Old Portsmouthand Historic Dockyard
Old Portsmouth and Historic Dockyard

Old Portsmouth began In the Southwest of Portsea island (the entrance to Portsmouth Harbour) due to a small inlet from the sea called the Camber which was a place for ships to stop and trade. (Normally ships to and from France.)  In about 1180 a wealthy merchant, Lord of the Manor of Titchfield named Jean De Gisors who owned a fleet of ships and some land on Portsea Island decided it was an ideal place to start a town and the city of Portsmouth was born.  Houses were soon built and a market was started which attracted craftsmen and merchants to live close by and the town grew. The area of Old Portsmouth is also known as Spice Island and is where all the spices used to enter the city. Not long after in 1185 a parish church was built (later it became Portsmouth Cathedral).

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Old Portsmouth still has a feel of its famous naval past with its Narrow cobbled streets, historic buildings, towers and fortifications and the truly magnificent historic warships.
One of the first landmarks along the promenade walk from Clarence pier is The Spur redoubt, the place where the Vice-Admiral  Horatio Nelson took his last steps on dry land on his way to board the battleship, HMS Victory. The Bridge over the moat leads to a tunnel in which Nelson would have emerged.
The statue of Lord Nelson stands further along the walk at Grand Parade, a large space associated with the Garrison and the soldier parades.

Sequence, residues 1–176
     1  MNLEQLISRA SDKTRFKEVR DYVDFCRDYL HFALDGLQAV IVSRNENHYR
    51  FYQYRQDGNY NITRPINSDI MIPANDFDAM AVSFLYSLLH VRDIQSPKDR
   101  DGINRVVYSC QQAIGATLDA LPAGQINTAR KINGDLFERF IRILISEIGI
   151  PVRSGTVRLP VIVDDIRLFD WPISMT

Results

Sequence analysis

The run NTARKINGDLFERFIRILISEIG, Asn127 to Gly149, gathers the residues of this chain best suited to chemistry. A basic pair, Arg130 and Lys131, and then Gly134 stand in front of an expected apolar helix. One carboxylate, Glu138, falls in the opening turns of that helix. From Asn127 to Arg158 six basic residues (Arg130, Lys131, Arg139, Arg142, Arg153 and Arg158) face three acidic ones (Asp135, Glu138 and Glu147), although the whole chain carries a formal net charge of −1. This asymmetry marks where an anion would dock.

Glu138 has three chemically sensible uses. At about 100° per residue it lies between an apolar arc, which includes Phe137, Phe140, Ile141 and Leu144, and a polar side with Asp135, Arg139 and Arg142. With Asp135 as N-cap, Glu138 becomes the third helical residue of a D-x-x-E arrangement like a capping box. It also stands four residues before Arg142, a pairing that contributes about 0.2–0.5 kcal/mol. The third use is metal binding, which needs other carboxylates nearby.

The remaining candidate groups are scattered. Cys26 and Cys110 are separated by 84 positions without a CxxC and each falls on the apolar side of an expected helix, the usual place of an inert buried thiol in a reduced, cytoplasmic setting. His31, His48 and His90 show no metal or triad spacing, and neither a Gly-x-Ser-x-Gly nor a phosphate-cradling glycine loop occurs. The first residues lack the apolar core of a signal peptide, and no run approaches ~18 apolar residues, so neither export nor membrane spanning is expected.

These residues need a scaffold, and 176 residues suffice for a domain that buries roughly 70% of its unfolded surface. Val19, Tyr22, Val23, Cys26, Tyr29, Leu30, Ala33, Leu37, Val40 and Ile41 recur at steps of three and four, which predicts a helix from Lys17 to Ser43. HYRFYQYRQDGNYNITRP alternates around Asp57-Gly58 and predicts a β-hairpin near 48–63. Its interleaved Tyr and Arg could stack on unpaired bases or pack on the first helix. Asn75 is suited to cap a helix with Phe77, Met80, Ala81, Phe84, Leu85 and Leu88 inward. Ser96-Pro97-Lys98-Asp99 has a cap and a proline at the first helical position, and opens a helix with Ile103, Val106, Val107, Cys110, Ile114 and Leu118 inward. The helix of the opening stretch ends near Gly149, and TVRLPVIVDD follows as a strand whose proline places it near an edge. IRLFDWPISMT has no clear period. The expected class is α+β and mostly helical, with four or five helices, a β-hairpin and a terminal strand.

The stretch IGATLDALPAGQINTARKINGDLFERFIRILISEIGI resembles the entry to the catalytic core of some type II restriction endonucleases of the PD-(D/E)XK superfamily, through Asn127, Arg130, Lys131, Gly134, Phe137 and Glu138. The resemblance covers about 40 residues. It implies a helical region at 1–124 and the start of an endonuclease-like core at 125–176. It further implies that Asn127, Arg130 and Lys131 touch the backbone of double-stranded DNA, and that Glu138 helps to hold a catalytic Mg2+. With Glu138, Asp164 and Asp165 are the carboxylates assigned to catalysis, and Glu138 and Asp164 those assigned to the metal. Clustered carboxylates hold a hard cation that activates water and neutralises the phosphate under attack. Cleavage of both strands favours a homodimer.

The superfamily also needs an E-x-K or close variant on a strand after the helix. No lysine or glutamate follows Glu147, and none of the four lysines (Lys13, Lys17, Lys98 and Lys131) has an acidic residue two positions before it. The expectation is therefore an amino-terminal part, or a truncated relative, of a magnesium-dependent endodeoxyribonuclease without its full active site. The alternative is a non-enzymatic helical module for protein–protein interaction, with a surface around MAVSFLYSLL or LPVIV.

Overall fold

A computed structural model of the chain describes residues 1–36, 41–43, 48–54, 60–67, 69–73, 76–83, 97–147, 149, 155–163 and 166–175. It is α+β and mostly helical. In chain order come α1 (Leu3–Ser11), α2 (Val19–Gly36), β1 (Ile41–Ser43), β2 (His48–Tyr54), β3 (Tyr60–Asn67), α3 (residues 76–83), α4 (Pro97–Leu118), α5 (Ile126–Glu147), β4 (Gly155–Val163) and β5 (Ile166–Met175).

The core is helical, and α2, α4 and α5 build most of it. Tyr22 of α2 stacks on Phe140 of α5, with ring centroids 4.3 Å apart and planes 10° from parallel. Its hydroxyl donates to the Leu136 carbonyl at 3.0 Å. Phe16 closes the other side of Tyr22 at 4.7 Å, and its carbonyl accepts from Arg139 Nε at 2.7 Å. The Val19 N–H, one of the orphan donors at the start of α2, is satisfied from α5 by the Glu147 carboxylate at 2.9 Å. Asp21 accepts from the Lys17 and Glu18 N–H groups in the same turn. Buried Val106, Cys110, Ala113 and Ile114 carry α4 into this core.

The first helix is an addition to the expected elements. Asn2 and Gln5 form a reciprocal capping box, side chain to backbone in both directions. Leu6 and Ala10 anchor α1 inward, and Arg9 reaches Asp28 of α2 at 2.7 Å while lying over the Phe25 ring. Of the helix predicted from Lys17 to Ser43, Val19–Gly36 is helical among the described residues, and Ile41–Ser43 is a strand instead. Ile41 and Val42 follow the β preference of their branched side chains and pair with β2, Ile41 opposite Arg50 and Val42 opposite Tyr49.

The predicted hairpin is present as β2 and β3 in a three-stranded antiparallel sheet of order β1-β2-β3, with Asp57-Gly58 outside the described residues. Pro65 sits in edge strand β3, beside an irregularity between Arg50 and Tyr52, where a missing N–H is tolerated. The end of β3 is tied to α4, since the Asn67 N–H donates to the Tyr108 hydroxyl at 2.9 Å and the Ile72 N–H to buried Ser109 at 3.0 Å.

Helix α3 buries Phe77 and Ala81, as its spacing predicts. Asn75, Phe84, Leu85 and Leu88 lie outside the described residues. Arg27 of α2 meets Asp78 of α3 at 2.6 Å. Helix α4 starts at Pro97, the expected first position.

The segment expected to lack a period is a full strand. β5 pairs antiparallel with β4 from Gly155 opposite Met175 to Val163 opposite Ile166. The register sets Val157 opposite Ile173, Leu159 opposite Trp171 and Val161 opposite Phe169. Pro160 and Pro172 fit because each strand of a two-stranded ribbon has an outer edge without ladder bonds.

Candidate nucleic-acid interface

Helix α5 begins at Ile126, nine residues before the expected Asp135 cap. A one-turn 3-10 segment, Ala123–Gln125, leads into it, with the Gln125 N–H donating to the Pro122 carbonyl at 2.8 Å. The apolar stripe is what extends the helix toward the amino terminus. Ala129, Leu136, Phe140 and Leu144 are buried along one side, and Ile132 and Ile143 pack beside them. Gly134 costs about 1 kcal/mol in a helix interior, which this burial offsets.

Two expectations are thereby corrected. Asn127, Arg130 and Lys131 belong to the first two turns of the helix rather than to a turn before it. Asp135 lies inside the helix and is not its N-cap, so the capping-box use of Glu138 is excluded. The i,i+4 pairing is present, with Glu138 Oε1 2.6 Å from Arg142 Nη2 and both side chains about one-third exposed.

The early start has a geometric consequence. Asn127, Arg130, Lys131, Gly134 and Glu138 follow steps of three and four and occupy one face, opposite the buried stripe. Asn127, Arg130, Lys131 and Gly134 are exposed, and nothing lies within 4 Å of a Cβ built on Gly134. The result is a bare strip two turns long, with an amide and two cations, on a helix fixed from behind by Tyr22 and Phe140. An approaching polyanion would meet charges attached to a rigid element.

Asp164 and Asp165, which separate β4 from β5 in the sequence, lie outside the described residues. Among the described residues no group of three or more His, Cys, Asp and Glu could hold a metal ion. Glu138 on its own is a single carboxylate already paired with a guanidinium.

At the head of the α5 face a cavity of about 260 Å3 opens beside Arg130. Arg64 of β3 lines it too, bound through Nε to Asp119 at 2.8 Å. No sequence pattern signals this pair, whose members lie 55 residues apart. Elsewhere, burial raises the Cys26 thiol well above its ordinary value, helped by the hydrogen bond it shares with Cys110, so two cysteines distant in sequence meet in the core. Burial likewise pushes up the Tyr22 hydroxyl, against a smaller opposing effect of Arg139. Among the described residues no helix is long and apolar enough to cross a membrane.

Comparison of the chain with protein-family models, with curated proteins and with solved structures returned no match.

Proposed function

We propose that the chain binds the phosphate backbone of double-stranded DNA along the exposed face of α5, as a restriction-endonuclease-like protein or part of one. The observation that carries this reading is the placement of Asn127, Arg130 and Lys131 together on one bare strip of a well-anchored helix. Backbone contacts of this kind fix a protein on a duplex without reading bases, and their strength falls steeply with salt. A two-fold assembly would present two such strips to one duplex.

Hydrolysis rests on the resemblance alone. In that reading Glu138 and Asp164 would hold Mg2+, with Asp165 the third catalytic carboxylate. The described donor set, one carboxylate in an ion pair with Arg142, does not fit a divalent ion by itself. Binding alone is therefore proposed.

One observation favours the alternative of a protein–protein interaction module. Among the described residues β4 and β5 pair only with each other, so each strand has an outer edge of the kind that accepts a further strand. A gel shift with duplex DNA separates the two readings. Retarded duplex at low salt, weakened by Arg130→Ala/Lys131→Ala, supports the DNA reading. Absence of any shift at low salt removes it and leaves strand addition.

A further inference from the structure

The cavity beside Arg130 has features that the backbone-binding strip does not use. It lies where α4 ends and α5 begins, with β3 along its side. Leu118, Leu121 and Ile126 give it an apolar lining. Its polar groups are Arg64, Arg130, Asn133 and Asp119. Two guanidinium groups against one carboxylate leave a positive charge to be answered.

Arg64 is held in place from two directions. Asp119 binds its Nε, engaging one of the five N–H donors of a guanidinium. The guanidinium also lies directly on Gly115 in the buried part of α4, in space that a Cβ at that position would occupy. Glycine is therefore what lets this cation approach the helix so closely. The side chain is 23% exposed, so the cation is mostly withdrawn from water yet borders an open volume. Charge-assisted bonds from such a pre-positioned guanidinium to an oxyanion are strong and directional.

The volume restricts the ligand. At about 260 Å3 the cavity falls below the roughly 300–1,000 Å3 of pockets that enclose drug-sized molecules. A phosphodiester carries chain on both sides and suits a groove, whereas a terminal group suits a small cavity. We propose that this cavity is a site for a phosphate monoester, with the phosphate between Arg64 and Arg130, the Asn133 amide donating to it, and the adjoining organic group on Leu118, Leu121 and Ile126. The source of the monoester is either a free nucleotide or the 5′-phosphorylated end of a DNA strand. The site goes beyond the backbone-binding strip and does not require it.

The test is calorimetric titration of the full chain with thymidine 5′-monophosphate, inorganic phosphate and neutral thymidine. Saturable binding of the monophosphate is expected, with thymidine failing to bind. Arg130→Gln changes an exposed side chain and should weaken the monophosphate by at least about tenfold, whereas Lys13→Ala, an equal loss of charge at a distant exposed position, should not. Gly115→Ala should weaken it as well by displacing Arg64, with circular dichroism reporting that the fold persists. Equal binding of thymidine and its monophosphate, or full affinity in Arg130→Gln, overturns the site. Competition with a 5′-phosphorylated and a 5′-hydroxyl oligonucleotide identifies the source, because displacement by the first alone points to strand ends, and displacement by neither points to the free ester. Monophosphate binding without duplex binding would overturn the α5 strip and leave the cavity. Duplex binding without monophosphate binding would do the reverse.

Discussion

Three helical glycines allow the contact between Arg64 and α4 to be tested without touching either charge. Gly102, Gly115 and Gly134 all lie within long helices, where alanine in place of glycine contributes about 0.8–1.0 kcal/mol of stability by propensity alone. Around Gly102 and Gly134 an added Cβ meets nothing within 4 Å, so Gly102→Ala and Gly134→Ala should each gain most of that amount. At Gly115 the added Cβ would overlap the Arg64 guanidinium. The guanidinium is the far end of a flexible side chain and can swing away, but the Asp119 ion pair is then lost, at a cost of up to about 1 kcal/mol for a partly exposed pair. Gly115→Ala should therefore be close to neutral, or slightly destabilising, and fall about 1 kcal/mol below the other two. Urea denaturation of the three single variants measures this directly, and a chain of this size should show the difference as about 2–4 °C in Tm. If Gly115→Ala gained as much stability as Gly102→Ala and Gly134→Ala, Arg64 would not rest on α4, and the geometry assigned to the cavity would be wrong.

Over the bridge, through the tunnel and a littler further on is The Royal Garrison Church. Today a ruin without a roof this church is known as The Domus Dei (God's House) and was built around 1212 as a hospice and shelter for pilgrims from overseas, later used by the garrison troops and was restored between 1866 and 1868.
On 10th January 1941 a fire bomb raid on Portsmouth gutted the nave of the church leaving it roofless. It is now a memorial.

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The Round Tower and the Square Tower stand out along the seafront and were built as the first artillery fortifications. The Round tower was built around 1415 (with another tower at Gosport point) and was originally made of wood, a capstan could be used to raise a chain across the harbour entrance to prevent enemy ships from entering, this is called Capstan Square. later in 1495 the tower was rebuilt using stone and the Square tower was built South of the Round Tower and was used as the governors residence. Encasing the sea along the front are the "Hot Walls" or Coastal Battery wall, this was built in the 1500's and was known as the saluting platform. People still use the hot walls today to wave The Navy off on tours.

Broad Street runs from the Square tower to Portsmouth point, and once was the place for King James' Gate. The Gate was a huge stone arch and was the entrance from the town to the point, keeping out undesirables and sailors at night. A part of the gate is now situated at the United Services Recreation Ground in Burnaby Road.

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St Thomas' Cathedral in Portsmouth is not far from the Square Tower, the Royal Garrison church and Grand parade. Originally a chapel Built in the late 1100's a parish church in the 14th century and then a cathedral in the 20th century. Of this original building, the chancel and transepts remain. The Anglican cathedral is one of the two cathedral churches in the city and has been the seat of the Bishop of Portsmouth since 1927.